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Highlights from this issue
  1. The Triumvirate

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Brexit special

‘I see no ships…’

As Britain made contingency plans for a no deal Brexit, the hapless UK Transport Secretary, Chris Grayling, might have uttered these words. He awarded a £13.8 million contract for ferry services to Seabourne Freight – a company which possessed no ships. However the phrase originated with Horatio Nelson who, when ordered to flee during a sea battle, raised his telescope to his blind eye and claimed not to see the signal to retreat. The NELSON CT lung cancer screening study ( see page 247 ) had more vision than its namesake. In this month’s Thorax, the authors report that over half of new solid nodules resolve spontaneously and only 7% are new lung cancers. The best predictors of malignancy are volume doubling time and nodule volume. Nelson (the Admiral) blockaded French ports to prevent an attach on England. Let’s hope there is no similar disruption to sea farers on 29 March…

Research but not as we know it…

The European Research Group, claims to conduct research on the merits of the United Kingdom leaving the EU. However, this might not be from a position of equipoise… In this issue of Thorax, ( see page 229 ) Smyth and colleagues point out the gaps in the evidence for treatment decisions in cystic fibrosis. The authors found 30 ‘known knowns’ – questions where there is robust evidence to support treatment decisions. In contrast there were 111 ‘evidence gaps’ – areas where there was insufficient clinical trial evidence to guide clinical teams in patient care. Clearly ‘more research is needed’ but not the sort of research conducted by the Jacob Rees-Mogg and his colleagues…

Disruption at Dover

The impact of a ‘no-deal BREXIT’ on UK supply chain is well described although the inventor James Dyson did say ‘it will not change anything’. In the human body one of the mechanisms that cells use to deliver information and signals to other cells is through specialised extracellular vesicles called ‘exosomes’. Like a no-deal BREXIT the exosomal supply chain is disrupted during disease. In this issue of Thorax ( see page 309 ) Njock and colleagues identified three microRNAs that could discriminate Hypersensitivity Pneumonitis from Idiopathic Pulmonary Fibrosis and were associated with disease severity. They suggest that the contents of exosomes observed in sputum could be used as a biomarker of disease analogous to increased disruption at Dover being a biomarker of a poor UK Health in a No-deal BREXIT.

The positive Brexit agenda

Boris Johnson has said that BREXIT is ‘not some great V-sign from the cliffs of Dover’ and we should still go on ‘cheapo flights to stag dos’! Another positive feature of BREXIT will be the reduced availability of cheap cigarettes from Calais. In this month’s Thorax ( see page 254 ) Dizier and colleagues from France describe elegant studies showing the interaction between Environmental Tobacco Smoke (ETS) and genes responsible for airway epithelial cell homeostasis in 253 families from 253 Saguenay-Lac-Saint-Jean (SLSJ). While we can’t confirm that UK families will also show a similar gene environment interaction it is hard to believe that reduced ETS as a result of BREXIT will not be a good thing for the UK.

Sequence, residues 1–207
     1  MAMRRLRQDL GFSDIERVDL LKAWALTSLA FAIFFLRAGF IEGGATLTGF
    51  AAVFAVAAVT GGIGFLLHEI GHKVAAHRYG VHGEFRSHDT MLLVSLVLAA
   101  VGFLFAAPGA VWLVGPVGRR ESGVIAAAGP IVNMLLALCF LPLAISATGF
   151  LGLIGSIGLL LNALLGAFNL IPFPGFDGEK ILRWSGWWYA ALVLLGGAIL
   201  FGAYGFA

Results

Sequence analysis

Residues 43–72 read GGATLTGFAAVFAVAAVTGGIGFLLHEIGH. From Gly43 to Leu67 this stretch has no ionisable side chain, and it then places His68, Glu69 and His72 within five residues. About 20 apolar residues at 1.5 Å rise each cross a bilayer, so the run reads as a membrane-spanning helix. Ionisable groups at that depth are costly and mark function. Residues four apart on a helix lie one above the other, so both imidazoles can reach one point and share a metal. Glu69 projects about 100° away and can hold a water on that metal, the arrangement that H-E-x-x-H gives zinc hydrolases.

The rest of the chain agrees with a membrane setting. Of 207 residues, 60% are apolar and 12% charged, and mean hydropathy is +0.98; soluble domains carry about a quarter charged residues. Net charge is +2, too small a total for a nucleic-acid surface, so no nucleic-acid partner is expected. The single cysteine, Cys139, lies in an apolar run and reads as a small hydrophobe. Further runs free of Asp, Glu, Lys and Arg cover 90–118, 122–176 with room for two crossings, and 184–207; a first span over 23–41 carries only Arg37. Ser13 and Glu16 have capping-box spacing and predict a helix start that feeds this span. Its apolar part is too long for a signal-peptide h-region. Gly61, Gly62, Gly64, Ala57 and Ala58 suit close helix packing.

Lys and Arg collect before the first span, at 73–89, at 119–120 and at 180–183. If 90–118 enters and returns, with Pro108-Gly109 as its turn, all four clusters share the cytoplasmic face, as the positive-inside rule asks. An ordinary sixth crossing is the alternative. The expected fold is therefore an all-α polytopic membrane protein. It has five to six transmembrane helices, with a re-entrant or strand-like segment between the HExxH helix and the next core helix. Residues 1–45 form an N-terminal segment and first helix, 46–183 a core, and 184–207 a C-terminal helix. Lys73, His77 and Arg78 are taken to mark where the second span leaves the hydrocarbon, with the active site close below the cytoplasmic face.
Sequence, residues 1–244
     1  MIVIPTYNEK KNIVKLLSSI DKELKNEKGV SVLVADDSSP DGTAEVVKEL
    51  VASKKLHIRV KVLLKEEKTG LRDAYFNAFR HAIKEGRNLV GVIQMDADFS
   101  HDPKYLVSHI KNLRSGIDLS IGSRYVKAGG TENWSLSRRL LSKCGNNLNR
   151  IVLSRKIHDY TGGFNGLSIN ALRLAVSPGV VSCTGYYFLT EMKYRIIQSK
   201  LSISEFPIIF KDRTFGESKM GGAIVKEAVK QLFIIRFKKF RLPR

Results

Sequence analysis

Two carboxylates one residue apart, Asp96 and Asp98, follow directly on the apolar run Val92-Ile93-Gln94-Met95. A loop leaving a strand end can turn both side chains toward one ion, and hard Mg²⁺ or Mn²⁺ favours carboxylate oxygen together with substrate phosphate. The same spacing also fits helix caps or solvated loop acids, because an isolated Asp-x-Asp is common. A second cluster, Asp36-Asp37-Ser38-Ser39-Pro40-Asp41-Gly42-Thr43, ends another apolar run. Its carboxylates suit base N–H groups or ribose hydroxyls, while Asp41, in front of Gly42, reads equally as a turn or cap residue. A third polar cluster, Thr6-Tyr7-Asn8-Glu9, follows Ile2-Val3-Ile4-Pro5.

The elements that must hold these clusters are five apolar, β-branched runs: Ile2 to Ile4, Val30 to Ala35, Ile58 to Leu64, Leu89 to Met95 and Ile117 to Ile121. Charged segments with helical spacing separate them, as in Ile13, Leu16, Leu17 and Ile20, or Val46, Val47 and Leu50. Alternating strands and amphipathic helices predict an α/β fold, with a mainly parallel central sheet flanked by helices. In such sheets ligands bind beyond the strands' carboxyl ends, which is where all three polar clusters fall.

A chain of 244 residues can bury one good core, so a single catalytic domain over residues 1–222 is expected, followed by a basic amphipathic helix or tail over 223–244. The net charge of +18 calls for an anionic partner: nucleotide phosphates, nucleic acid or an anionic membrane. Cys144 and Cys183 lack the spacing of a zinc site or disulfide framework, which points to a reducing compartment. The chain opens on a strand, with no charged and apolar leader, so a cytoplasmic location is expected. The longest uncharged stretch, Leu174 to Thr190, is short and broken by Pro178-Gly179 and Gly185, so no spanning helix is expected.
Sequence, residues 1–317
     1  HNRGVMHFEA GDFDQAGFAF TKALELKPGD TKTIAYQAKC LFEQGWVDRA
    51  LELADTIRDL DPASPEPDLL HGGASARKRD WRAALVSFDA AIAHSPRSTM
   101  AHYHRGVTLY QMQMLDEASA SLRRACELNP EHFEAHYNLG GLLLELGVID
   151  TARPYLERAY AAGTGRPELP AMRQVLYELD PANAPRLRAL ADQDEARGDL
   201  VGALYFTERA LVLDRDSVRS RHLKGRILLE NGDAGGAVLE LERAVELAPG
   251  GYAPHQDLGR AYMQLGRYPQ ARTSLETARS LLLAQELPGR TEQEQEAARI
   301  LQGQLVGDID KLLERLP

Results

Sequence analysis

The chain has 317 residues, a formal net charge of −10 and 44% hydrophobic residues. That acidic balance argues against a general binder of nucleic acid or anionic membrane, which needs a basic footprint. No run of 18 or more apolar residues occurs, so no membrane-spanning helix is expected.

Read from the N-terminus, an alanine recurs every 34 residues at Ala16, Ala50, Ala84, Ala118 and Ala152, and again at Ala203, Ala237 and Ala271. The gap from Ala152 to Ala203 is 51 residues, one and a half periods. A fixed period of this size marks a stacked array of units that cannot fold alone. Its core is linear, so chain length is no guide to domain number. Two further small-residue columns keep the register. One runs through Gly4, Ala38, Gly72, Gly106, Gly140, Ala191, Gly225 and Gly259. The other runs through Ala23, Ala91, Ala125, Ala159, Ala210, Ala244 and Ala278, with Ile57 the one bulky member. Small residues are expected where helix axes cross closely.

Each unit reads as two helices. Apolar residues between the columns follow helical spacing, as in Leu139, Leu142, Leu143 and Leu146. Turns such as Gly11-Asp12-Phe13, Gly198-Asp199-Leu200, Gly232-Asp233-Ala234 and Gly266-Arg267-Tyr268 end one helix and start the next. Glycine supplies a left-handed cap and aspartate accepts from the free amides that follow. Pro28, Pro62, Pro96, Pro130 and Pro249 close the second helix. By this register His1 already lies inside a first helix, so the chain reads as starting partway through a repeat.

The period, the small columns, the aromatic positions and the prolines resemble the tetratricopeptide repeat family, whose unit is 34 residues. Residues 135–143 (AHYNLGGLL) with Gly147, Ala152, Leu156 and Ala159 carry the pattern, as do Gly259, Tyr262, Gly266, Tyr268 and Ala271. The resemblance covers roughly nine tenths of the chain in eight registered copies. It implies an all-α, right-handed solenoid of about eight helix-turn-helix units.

‘The Government cannot just be consumed by Brexit. There is so much more to do’…

Theresa May, in her plight to focus attention away from Brexit over the last 2 years, highlighted that ‘poverty is about people lacking the tools they need to get on in life’ and to solve it we all need to tackle ‘educational failure, antisocial behaviour, debt problems and addiction’. This holistic approach has been acknowledged by Brighton and colleagues ( see page 270 ) in their systematic review and meta-analysis of advanced disease and chronic breathlessness. Importantly, holistic services for chronic breathlessness were shown to reduce distress in patients with advanced disease and improve anxiety and depression. Patients and carers valued tailored education, self-management interventions and expert staff providing person-centred, dignified care. Perhaps Mrs May could consider incorporating such a holistic approach to the NHS Long Term Plan after Brexit.

‘Take no-deal off the table now please prime minister’

By the time the Brexit Airwaves Special has been published, Mrs May and Mr Corbyn may have met, which would definitely wake up British politics and a step towards rehabilitating the political parties. In line with this, Berlowitz and colleagues ( see page 282 ) have focused on daytime somnolence and neurocognitive function in acute quadriplegic patients with sleep disordered breathing. In this randomised controlled trial, 3 months of auto-titrating CPAP was applied to improve attention and information processing using the Paced Auditory Serial Addition Task. 149 patients completed the trial but there was no difference demonstrated in terms of Paced Auditory Serial Addition Task (mean improvement of 2.28, 95% CI −7.09 to 11.6; p=0.63). Although only 21% of patients were adherent to treatment (4 hours use on 5 days per week), sleepiness was improved by CPAP. Unlike this RCT, let’s hope that a meeting between Mr Corbyn and Mrs May not only wakes up the country but also leads to some clear thinking.

Paralysis relieved by surgery

This month’s image ( see page 313 ) describes an unusual cause of paralysis that was relieved by surgery. By the time this month’s Thorax lands on your doormat, the paralysis gripping the UK parliament may have resolved. If not, the Triumvirate are happy to assist…

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